Località Sesta is a highly regarded sub-zone in the south-south east of the Montalcino region, between Castelnuovo dell’Abate to the east, Sant’Angelo in Colle to the west, and the Orcia river to the south. It can be considered southern Montalcino’s equivalent of Montosoli, a terroir which allows vines largely to self-regulate. Sesta is a hot, dry spot in the warmer, lower-lying southern part of Montalcino. Mount Amiata to the south acts as a rain blocker. Sesta’s advantage is that its sub-soils contain a water-retentive blue clay. One theory is that this was deposited by the course the Orcia river when this ran from Sant’Angelo in Colle via Sesta rather than via Castelnuovo dell’Abate. This would appear to have some foundation (no pun intended) in that river-round-like stones (sassi tondi) are found in the soil. Sesta’s soil profile is very consistent and homogeneous. The soil dates from the Eocene period, and is poor, shallow, somewhat rocky, with limestone (marl and alberese), generally medium textured, and tending to clayey with a sub-alkaline pH (6-6.7).
History: The name Sesta derives from a sesta or sixth milestone located where the Parish Church (‘pieve’) of Saint Mary of Sexta once stood on the route between the two Etruscan towns of Roselle (near the Tuscan coast to the south west, in what is now Grosseto province), and Chiusi in further inland and to the east in the equally strategically important Val di Chiana. In AD 714 the “Carta Aretina” counted the Pieve di Sesta among the parishes in the Diocese of Chiusi. In the following centuries it was the subject of dispute between the Bishops of Siena and Arezzo. It is not known how long this Parish remained in operation, but it is likely that it ended shortly after nearby Valle Storcia was founded at the end of the VIII century, and after the rapid expansion of the Abbey of Sant’Antimo in Castelnuovo dell’Abate to the west. Land on the Sesta property probably became part of the holdings of the Abbey. The Sesta estate was formed after the expansion of the Republic of Siena and the decline and subsequent suppression of the Abbey of Sant’Antimo in 1462 at the hands of the Sienese Pope Pious II (Enea Silvio Piccolomini). During the period of Sienese expansion, Sesta came into the possession of the noble Tolomei family who built a chapel in honour of Saint Catherine of Siena. It subsequently changed hands several times before being acquired by Felice and Giovanni Ciacci, two brothers from Castelnuovo dell’Abate, in 1895 (see the link to Tenuta de Sesta, below).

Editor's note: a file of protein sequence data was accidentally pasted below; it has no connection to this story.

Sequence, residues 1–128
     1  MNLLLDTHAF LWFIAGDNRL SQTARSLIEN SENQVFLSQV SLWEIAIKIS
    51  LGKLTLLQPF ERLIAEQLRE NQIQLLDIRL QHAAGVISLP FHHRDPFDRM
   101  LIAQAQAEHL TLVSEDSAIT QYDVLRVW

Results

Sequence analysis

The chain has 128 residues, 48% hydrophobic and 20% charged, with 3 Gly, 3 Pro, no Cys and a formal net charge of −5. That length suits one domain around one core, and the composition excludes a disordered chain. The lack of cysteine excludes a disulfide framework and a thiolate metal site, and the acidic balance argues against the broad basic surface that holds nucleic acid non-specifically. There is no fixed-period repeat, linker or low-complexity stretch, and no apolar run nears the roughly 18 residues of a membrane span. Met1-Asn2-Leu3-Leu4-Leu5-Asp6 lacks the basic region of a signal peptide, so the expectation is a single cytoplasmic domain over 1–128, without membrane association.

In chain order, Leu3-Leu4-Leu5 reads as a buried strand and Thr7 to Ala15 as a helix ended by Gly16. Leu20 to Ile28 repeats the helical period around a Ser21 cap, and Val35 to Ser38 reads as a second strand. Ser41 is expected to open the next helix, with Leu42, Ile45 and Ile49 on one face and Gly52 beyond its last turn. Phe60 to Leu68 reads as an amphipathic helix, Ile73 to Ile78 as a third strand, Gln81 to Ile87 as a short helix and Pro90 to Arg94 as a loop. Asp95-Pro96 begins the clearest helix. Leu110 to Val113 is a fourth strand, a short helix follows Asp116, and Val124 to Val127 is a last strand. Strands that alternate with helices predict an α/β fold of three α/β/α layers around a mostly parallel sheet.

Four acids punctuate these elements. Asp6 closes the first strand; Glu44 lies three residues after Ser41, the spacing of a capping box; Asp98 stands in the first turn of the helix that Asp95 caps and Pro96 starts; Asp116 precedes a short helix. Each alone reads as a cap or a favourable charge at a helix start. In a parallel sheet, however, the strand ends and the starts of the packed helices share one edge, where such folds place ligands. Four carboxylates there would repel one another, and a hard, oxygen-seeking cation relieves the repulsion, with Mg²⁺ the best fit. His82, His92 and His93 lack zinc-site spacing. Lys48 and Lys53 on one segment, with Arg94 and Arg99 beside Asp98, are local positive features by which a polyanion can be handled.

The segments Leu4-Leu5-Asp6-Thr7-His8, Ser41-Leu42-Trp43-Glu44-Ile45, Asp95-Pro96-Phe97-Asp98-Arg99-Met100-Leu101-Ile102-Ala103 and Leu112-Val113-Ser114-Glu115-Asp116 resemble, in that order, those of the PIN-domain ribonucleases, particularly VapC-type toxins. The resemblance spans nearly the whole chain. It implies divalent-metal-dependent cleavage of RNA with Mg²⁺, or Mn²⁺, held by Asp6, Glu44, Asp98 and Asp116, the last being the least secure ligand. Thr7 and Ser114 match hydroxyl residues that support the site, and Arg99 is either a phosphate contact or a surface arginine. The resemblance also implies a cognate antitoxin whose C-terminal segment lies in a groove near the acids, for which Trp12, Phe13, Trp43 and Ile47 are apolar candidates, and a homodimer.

Wine style: The wines are sapid, elegant, and ripe and get riper as one nears Castelnuovo-dell’Abate. The wines show well when young and mature in the mid- to long-term.